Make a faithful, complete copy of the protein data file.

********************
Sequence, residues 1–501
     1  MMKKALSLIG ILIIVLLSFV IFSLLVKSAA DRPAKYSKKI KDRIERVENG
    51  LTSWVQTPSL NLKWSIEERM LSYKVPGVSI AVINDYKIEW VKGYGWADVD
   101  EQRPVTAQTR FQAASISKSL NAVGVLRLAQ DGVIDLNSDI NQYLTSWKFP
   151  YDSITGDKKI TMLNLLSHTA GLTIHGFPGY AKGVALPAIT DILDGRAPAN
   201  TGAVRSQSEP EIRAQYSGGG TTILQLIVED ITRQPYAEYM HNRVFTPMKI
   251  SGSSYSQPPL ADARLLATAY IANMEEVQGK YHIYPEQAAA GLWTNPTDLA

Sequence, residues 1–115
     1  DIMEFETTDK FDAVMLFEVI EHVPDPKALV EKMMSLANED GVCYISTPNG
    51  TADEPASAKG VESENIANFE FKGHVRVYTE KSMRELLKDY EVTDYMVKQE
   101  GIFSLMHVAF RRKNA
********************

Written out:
Sequence, residues 1–501
     1  MMKKALSLIG ILIIVLLSFV IFSLLVKSAA DRPAKYSKKI KDRIERVENG
    51  LTSWVQTPSL NLKWSIEERM LSYKVPGVSI AVINDYKIEW VKGYGWADVD
   101  EQRPVTAQTR FQAASISKSL NAVGVLRLAQ DGVIDLNSDI NQYLTSWKFP
   151  YDSITGDKKI TMLNLLSHTA GLTIHGFPGY AKGVALPAIT DILDGRAPAN
   201  TGAVRSQSEP EIRAQYSGGG TTILQLIVED ITRQPYAEYM HNRVFTPMKI
   251  SGSSYSQPPL ADARLLATAY IANMEEVQGK YHIYPEQAAA GLWTNPTDLA

Sequence, residues 1–115
     1  DIMEFETTDK FDAVMLFEVI EHVPDPKALV EKMMSLANED GVCYISTPNG
    51  TADEPASAKG VESENIANFE FKGHVRVYTE KSMRELLKDY EVTDYMVKQE
   101  GIFSLMHVAF RRKNA